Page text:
Meanwhile France. Well, France: what does one need to say? France always somehow managed to keep up with other big European economies, but it has suffered a massive loss of competitiveness (compared with especially Germany) since locking itself into the Euro. The same goes for Italy, whose economy is smaller now than it was before the global financial crisis. Britain beats Italy and France? Big deal.

Smith's article does not mention the disaster of the Euro which has crippled two of the three economies his chart benchmarks. He also compares us with Japan and the US. We come in slightly slower than the US (albeit from a much lower base) and much quicker than Japan, which has suffered from twenty years of stagnation over the period concerned.

This post is not to suggest that the UK could have done significantly better over the same period had we been outside the single market. My point is simply that the simple numbers used by Smith to argue that leaving the EU would be "daft" do not actually tell us anything. The early 90s to the early 2000s were the heyday of the single market. We got a lot of sensible deregulation such as the open skies and simplified product markets. When Brussels was clearing away protectionism in our target markets, Britain and the rest of the EU probably did much better than they might otherwise have done.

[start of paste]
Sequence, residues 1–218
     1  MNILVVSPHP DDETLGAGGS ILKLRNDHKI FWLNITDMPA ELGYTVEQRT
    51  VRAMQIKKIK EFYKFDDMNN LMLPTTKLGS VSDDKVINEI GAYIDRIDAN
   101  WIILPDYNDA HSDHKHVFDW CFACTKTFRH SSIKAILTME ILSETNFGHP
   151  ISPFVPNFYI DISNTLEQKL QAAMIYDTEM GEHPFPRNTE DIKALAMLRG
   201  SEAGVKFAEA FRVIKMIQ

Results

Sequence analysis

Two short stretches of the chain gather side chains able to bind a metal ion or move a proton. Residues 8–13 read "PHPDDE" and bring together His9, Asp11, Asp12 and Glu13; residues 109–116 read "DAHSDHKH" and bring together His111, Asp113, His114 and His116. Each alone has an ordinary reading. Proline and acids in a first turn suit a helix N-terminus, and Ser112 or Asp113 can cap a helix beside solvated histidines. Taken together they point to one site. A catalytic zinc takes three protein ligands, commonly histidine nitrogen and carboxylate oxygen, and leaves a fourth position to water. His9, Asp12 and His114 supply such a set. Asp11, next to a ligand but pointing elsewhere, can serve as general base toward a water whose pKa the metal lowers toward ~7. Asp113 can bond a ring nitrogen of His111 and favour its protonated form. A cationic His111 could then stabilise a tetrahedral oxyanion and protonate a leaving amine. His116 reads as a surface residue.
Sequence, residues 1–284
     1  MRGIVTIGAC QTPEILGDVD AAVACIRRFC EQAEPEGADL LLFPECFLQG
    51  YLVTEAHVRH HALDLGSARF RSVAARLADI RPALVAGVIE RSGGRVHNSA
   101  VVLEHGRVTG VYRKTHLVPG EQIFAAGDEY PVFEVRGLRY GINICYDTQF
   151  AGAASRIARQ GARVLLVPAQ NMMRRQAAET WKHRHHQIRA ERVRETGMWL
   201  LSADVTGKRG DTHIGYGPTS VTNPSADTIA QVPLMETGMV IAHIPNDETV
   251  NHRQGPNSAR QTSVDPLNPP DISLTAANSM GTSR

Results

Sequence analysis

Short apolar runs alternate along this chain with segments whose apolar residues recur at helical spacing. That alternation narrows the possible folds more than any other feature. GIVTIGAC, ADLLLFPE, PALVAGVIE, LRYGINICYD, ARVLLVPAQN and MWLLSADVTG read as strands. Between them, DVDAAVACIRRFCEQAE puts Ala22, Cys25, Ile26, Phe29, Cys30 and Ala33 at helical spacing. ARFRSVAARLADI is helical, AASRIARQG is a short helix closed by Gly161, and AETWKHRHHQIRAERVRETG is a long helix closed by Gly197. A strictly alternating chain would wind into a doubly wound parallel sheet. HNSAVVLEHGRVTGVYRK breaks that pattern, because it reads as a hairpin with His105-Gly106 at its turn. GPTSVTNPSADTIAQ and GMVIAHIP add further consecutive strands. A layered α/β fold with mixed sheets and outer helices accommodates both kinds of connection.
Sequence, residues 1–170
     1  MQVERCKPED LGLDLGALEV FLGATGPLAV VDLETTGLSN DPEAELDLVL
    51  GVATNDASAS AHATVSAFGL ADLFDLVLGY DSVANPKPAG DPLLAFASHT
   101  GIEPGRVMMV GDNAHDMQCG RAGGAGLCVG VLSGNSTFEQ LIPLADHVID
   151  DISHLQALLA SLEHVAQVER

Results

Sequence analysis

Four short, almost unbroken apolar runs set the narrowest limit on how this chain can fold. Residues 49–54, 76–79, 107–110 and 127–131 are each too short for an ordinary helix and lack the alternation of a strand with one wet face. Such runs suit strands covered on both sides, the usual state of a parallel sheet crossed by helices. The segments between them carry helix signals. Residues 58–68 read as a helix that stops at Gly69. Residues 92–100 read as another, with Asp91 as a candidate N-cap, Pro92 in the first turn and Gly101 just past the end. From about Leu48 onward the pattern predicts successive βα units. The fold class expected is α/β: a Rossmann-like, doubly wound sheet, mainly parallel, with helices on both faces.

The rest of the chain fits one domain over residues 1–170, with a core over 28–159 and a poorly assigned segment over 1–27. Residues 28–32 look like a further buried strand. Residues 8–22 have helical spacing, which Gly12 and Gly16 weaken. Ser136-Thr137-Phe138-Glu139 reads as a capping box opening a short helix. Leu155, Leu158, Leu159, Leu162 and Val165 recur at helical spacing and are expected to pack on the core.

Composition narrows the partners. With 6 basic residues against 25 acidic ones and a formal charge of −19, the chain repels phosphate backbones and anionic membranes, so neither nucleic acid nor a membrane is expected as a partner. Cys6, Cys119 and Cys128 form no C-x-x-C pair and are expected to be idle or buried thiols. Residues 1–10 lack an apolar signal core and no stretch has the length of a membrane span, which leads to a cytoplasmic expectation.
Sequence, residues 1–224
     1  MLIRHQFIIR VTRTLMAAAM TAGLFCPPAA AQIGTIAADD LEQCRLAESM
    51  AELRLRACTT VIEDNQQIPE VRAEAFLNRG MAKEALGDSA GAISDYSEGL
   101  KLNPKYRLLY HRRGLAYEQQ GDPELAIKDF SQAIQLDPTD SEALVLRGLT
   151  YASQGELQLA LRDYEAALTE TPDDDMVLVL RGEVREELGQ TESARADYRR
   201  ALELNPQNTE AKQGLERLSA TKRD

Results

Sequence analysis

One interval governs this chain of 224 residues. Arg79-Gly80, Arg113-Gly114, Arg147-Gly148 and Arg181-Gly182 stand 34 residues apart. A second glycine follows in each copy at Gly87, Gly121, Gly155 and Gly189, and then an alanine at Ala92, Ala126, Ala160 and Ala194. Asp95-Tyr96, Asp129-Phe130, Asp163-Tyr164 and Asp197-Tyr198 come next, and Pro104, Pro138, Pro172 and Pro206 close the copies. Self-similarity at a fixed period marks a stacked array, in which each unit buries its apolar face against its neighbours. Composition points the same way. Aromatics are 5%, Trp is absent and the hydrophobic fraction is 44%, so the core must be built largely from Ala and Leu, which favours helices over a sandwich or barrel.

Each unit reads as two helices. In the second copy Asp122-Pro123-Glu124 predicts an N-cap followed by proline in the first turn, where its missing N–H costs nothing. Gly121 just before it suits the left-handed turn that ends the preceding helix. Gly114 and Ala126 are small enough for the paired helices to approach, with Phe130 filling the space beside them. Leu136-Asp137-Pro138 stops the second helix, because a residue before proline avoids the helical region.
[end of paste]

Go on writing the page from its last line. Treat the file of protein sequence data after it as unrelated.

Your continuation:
But these numbers offered by Smith offer no counter-factual (for example, there is plenty of evidence that plenty of countries outside the EU have done better at selling into the single market than the UK has done) and, crucially, they offer absolutely no evidence that the single market works for us now and will continue to do so in the future.


david morris said...